Frigui W

References (4)

Title : Genomic analysis of smooth tubercle bacilli provides insights into ancestry and pathoadaptation of Mycobacterium tuberculosis - Supply_2013_Nat.Genet_45_172
Author(s) : Supply P , Marceau M , Mangenot S , Roche D , Rouanet C , Khanna V , Majlessi L , Criscuolo A , Tap J , Pawlik A , Fiette L , Orgeur M , Fabre M , Parmentier C , Frigui W , Simeone R , Boritsch EC , Debrie AS , Willery E , Walker D , Quail MA , Ma L , Bouchier C , Salvignol G , Sayes F , Cascioferro A , Seemann T , Barbe V , Locht C , Gutierrez MC , Leclerc C , Bentley SD , Stinear TP , Brisse S , Medigue C , Parkhill J , Cruveiller S , Brosch R
Ref : Nat Genet , 45 :172 , 2013
Abstract : Global spread and limited genetic variation are hallmarks of M. tuberculosis, the agent of human tuberculosis. In contrast, Mycobacterium canettii and related tubercle bacilli that also cause human tuberculosis and exhibit unusual smooth colony morphology are restricted to East Africa. Here, we sequenced and analyzed the whole genomes of five representative strains of smooth tubercle bacilli (STB) using Sanger (4-5x coverage), 454/Roche (13-18x coverage) and/or Illumina DNA sequencing (45-105x coverage). We show that STB isolates are highly recombinogenic and evolutionarily early branching, with larger genome sizes, higher rates of genetic variation, fewer molecular scars and distinct CRISPR-Cas systems relative to M. tuberculosis. Despite the differences, all tuberculosis-causing mycobacteria share a highly conserved core genome. Mouse infection experiments showed that STB strains are less persistent and virulent than M. tuberculosis. We conclude that M. tuberculosis emerged from an ancestral STB-like pool of mycobacteria by gain of persistence and virulence mechanisms, and we provide insights into the molecular events involved.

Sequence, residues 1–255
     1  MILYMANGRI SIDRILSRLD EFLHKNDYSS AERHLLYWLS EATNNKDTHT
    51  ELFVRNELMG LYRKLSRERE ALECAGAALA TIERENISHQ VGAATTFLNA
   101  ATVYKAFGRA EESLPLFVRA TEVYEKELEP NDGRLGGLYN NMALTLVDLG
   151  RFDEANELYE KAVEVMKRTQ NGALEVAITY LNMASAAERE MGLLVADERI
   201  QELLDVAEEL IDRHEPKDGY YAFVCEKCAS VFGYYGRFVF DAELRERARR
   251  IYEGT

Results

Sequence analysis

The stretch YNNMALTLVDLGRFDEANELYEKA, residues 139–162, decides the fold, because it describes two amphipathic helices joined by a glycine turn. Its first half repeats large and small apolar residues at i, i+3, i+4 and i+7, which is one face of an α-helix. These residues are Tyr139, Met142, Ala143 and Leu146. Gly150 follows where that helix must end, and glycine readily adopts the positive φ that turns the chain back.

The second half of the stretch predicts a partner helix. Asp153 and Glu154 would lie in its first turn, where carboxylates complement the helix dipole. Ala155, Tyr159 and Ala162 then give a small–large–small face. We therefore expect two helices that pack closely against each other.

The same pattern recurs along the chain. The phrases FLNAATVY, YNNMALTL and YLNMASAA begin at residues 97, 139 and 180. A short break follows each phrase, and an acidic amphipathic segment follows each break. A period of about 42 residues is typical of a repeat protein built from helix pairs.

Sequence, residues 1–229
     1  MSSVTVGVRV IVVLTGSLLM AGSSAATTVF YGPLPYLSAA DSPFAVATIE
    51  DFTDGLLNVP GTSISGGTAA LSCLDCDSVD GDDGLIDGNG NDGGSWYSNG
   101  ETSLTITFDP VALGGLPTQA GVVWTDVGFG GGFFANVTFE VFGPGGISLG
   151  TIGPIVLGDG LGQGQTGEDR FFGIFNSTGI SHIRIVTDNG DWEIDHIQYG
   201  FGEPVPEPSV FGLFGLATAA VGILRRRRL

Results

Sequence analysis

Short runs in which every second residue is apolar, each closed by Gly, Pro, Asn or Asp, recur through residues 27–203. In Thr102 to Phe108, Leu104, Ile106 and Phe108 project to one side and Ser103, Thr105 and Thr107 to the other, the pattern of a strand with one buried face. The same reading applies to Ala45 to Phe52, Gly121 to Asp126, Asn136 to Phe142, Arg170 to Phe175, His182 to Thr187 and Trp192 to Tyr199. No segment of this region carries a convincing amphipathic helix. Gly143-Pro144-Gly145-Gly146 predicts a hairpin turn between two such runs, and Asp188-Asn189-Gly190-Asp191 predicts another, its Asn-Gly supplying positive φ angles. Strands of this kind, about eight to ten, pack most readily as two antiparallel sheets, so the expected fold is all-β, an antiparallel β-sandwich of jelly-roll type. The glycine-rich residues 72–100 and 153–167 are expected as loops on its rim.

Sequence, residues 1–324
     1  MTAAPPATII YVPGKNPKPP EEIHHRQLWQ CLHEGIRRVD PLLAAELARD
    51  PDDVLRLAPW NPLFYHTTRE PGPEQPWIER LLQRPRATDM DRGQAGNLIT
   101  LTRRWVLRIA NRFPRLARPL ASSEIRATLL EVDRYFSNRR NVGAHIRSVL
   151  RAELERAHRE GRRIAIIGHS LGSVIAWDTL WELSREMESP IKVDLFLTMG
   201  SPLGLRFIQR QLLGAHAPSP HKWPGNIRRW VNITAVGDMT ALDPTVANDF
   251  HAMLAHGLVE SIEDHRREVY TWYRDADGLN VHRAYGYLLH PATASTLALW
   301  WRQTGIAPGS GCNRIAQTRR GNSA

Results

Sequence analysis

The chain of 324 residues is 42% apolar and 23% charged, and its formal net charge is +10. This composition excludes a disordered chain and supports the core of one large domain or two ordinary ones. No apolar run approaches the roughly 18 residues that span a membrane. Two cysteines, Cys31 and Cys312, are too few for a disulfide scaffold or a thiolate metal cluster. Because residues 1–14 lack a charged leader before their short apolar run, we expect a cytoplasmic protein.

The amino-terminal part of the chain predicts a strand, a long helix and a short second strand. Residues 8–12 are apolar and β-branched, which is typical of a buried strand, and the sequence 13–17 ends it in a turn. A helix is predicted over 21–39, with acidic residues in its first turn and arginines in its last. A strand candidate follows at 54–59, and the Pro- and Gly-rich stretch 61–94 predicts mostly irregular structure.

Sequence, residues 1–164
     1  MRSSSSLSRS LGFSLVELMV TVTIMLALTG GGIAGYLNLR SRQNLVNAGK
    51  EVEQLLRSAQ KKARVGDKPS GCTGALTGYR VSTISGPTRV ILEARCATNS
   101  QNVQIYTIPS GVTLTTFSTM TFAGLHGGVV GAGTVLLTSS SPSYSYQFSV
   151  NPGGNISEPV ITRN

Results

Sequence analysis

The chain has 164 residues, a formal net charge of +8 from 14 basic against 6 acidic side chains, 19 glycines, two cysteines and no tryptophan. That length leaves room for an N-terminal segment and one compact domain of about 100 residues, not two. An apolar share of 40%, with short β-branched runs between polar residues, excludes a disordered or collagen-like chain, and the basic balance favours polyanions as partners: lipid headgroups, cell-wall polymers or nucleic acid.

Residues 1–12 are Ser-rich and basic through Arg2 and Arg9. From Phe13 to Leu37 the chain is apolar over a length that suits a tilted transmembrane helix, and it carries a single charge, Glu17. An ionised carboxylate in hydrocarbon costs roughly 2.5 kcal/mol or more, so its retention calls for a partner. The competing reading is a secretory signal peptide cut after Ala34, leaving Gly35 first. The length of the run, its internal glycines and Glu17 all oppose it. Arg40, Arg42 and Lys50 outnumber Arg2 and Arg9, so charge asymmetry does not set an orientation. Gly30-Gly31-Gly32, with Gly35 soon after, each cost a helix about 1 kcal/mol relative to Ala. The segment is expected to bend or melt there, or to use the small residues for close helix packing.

ESTHER : Supply_2013_Nat.Genet_45_172
PubMedSearch : Supply_2013_Nat.Genet_45_172
PubMedID: 23291586
Gene_locus related to this paper: mycmm-b2ht49 , myctu-cut3 , myctu-cutas1 , myctu-cutas2 , myctu-Rv1069c , myctu-RV1215C , myctu-RV1758 , myctu-Rv2045c , myctu-RV3452 , myctu-RV3724 , myctu-Rv3802c

Title : Genome plasticity of BCG and impact on vaccine efficacy - Brosch_2007_Proc.Natl.Acad.Sci.U.S.A_104_5596
Author(s) : Brosch R , Gordon SV , Garnier T , Eiglmeier K , Frigui W , Valenti P , Dos Santos S , Duthoy S , Lacroix C , Garcia-Pelayo C , Inwald JK , Golby P , Garcia JN , Hewinson RG , Behr MA , Quail MA , Churcher C , Barrell BG , Parkhill J , Cole ST
Ref : Proc Natl Acad Sci U S A , 104 :5596 , 2007